Here is a taste of his piece at Religion Dispatches:
Linus believes according to the logic of Pascal’s Wager: put your faith in the thing that offers the biggest payoff, even if it’s less likely to be true. I can appreciate why someone would make that bet. The Great Pumpkin promises not just candy, but toys, maybe money. Linus’s adoring companion Sally seemed to me like the person whose faith is less sincere, but who nevertheless represents many believers as they actually are: tentative, conflicted, self-interested.
After a year in which I followed the obsessive investigations into the mind of the Trump voter, my sympathy turned sour. I now see self-defeating credulity in Linus and Sally. They seem like the white working-class and evangelical voters duped into thinking Trump was anything more than a resentful plutocrat. Linus’s belief is unwavering only because it’s blind to reality. “If you are a fake, don’t tell me. I don’t want to know,” he writes in a letter to the Great Pumpkin. He lives in a thick bubble of fantasy.
Linus values sincerity, because he believes the Great Pumpkin values it. He’s gratified as he looks around the pumpkin patch on Halloween night and says, “there’s not a sign of hypocrisy. Nothing but sincerity as far as the eye can see.” Of course, sincerity and truth are quite different things, and Linus favors the wrong one. Trump lies constantly, but to his die-hard supporters, he tells it like it is. He doesn’t mince words; his bluntness absolves him of hypocrisy.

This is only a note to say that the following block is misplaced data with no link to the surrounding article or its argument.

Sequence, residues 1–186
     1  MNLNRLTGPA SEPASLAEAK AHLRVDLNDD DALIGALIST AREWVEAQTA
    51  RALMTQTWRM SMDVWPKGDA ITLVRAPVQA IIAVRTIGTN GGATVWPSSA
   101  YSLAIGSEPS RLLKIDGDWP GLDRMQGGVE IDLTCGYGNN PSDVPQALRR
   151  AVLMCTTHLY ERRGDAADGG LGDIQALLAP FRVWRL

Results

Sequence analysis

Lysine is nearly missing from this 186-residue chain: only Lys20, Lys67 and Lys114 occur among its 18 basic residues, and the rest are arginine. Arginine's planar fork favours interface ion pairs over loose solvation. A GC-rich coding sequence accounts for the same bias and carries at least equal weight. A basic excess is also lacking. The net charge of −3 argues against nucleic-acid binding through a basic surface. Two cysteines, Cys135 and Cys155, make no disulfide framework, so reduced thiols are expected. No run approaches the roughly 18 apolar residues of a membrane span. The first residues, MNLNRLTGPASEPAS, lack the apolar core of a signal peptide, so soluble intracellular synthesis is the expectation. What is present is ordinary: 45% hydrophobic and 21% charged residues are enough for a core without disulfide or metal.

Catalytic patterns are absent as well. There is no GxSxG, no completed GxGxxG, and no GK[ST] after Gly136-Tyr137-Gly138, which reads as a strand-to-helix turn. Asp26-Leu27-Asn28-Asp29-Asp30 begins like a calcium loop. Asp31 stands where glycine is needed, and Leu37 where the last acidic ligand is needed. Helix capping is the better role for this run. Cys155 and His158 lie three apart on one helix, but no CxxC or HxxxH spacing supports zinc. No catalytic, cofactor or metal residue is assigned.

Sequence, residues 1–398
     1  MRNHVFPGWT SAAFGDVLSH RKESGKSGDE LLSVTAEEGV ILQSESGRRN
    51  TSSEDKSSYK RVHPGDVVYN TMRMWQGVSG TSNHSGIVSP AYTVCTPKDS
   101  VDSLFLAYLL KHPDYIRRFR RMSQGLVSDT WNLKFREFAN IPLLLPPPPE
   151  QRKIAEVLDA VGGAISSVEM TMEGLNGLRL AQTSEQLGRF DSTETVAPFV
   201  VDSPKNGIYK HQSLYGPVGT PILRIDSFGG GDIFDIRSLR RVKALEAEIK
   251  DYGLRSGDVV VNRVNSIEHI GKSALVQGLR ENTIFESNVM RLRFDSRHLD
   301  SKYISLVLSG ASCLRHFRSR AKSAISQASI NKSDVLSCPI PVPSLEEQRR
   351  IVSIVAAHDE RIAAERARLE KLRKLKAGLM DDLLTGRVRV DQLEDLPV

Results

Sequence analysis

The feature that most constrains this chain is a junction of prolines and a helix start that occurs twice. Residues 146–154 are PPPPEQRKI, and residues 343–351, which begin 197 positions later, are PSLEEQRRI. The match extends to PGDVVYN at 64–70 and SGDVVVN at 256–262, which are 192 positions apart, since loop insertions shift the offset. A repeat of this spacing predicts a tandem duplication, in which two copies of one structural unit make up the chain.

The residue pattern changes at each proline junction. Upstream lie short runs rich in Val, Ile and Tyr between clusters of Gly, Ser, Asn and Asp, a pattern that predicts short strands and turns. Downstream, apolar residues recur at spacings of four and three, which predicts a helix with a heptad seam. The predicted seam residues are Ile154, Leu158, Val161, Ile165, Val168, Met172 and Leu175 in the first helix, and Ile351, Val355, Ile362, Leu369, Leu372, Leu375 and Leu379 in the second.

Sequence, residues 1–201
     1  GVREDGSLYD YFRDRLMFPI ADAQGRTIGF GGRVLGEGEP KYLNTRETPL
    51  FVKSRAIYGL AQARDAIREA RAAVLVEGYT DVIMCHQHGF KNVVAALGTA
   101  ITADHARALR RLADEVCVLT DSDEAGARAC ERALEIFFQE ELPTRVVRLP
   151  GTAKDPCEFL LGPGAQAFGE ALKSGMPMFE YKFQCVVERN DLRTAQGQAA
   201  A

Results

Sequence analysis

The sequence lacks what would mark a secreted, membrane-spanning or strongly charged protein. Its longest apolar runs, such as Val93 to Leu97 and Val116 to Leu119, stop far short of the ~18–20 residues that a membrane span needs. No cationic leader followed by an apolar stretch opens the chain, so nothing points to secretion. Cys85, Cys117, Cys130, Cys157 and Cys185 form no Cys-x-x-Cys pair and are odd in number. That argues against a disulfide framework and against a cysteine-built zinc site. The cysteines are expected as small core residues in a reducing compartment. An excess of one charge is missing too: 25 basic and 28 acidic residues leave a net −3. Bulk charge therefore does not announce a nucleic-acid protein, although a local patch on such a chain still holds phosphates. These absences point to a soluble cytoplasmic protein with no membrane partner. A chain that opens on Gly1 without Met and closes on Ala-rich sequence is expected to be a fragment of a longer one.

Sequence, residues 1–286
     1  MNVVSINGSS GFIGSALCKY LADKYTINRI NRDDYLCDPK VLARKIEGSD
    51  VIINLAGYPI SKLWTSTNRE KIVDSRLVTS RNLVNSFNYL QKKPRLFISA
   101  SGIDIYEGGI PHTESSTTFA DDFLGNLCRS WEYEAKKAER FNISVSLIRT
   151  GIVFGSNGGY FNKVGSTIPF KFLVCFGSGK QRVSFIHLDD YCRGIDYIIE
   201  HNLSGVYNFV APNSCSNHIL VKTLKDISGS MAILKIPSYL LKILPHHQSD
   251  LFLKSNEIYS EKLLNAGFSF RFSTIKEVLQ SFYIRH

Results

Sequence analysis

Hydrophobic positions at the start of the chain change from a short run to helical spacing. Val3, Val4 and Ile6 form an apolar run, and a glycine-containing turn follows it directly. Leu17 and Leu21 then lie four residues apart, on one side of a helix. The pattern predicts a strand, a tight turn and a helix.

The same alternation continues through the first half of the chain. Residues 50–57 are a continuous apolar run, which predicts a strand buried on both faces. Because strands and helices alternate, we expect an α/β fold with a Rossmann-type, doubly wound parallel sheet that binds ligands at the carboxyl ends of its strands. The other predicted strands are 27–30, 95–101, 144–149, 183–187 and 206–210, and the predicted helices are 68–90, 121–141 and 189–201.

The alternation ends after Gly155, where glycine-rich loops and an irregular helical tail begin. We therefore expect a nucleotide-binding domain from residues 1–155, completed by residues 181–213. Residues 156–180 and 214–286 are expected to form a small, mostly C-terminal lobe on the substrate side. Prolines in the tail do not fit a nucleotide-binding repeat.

Read the entire piece here.
Not all American evangelicals are the same. Russell Moore of Southern Baptist Theological Seminary offers some Halloween-related distinctions between various types of evangelicals and fundamentalists.
An evangelical is a fundamentalist whose kids dress up for Halloween.
A conservative evangelical is a fundamentalist whose kids dress up for the church’s “Fall Festival.”
A confessional evangelical is a fundamentalist whose kids dress up as Zwingli and Bucer for “Reformation Day.”
A revivalist evangelical is a fundamentalist whose kids dress up as demons and angels for the church’s Judgment House community evangelism outreach.
An Emerging Church evangelical is a fundamentalist who has no kids, but who dresses up for Halloween anyway.
A fundamentalist is a fundamentalist whose kids hand out gospel tracts to all those mentioned above.